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For many of us teachers, this is somewhat disconcerting. Gamification is fine when students are trying to save Zelda, but it’s more problematic when math becomes an obstacle, and eighth grade just another “level.”

The author is delusional. That's exactly what 8th, or any other grade, is. Get enough points, proceed to the next grade. Score high enough on the leader board, proceed to the college you want.




Agreed, this was exactly where I started to get suspicious.

Author: "Gamification is bad when applied to eighth grade."

I kept looking for the support for that claim, didn't really find any. The IPI study was tossed in, but it dealt with a tangentially related educational program, and seemed to endorse methods focused education over memorization of answers. This article was attacking process focused aspects of Khan, so I'm not sure IPI was the best study to cite.

It's a drawn out article, and light on evidence. I wouldn't look to the author for advice on teaching others critical thinking.


Sadly the majority of Khan videos are not process focused but rather focused on memorizing procedures. This is a very big problem in math education traditional and otherwise. Hard to fix, but KA makes no acknowledgement that incorporating good mathematics pedagogy is even important. This is short sighted and could be remedied.


The problem here is that it's called "gamification." This view is an impoverished view of gaming that leaves out it's most important component: gaming is play.

Gamification of education would be wonderful. The thing is, it wouldn't consist of adding things like leaderboards and achievements. As people have pointed out, we already have those. Gamification should really be about the return of play to the primary role in learning.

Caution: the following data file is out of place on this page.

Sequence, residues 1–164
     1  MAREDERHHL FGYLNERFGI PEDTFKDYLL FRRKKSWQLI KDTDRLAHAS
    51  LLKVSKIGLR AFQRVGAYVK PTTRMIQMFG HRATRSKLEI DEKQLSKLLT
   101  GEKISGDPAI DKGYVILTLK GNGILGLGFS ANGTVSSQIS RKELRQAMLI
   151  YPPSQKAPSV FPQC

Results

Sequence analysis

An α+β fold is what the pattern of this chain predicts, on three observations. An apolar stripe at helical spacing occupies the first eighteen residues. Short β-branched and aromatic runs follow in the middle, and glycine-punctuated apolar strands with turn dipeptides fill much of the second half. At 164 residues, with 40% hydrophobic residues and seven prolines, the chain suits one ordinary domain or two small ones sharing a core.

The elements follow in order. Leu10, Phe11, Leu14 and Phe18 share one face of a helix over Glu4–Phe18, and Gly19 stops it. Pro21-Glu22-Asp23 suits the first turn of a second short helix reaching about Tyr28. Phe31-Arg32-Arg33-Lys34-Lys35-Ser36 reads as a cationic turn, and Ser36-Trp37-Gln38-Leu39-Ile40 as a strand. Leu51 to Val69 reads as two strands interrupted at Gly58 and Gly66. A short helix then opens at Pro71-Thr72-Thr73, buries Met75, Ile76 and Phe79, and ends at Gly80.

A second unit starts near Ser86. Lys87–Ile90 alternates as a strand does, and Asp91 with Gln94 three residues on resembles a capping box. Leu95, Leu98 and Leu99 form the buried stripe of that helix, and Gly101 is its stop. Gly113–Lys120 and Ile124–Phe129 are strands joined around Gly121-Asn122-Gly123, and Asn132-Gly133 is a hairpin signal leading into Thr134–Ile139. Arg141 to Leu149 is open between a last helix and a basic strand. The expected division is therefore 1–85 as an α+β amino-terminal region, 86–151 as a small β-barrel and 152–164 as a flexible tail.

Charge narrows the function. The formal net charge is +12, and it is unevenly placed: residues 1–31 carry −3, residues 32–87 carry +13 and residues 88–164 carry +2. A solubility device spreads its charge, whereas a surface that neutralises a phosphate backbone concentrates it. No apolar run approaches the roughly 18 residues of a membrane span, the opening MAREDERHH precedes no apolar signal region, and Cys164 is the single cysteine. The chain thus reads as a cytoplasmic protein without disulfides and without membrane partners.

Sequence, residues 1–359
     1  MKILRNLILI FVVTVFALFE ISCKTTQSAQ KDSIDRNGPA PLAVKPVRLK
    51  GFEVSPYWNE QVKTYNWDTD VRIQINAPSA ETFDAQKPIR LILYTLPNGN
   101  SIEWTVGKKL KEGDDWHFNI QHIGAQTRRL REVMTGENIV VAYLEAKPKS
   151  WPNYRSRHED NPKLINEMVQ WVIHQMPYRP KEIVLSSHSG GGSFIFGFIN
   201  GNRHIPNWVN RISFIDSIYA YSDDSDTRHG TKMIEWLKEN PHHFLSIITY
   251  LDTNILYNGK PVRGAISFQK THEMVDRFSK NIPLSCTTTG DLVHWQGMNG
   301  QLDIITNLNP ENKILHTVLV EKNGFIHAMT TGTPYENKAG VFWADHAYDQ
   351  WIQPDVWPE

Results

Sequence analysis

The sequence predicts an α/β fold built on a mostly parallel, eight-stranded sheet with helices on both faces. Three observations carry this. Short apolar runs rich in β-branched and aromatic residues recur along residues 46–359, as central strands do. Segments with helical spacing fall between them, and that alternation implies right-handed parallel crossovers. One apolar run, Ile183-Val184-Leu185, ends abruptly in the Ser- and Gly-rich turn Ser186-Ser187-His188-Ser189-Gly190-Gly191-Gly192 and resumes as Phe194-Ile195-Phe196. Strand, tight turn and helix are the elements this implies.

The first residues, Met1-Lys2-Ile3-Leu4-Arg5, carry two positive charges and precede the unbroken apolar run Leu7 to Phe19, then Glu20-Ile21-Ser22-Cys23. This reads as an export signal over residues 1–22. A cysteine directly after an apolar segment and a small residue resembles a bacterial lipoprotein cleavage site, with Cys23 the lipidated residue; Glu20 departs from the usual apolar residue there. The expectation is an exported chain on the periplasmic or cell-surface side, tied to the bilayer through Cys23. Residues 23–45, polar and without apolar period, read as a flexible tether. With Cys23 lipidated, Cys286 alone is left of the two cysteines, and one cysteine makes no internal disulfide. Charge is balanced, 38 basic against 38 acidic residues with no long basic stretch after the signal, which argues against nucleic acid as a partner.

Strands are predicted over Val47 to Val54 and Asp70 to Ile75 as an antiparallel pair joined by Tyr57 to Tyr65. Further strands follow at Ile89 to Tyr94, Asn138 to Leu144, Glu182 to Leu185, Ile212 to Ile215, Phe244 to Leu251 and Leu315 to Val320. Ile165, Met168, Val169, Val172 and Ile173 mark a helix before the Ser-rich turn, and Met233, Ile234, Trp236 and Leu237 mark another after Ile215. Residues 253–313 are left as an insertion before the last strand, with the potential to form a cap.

> Get enough points, proceed to the next grade.

That would improve on the current system, which passes failing students along as well, right up until they hit university and find out they need a few years of remedial classes.


I disagree. Gamification is the application of game design techniques to non-game situations to make them more interesting and engaging, in order to encourage people to do things they might otherwise not do because they find them boring or uninteresting.

You can't just take something people don't like and don't want to do, and stick in arbitrary "levels" and have that motivate them. The levels have to represent some achievement that is desirable to the person.


The more invested and successful you are in some arbitrary game, the more you seek to justify the (nonexistent) purpose of the game. It's pretty scary.


I'm shocked by how often this needs to be pointed out.


There is one group of people who hardly ever need to have this pointed out to them: eighth grade students. They know how arbitrary it can be.


And not to mention, kids love games! If fun and play makes things more engaging, and we learn better when engaged, why not make school more fun?


Part of school is playing the game. But if you reduce education to a game, you are losing something of incredible value. School and education are not always the same thing. And education is not a game. It's purpose is freedom. And it is fundamentally important to the human experience in a way that points and rewards simply aren't.




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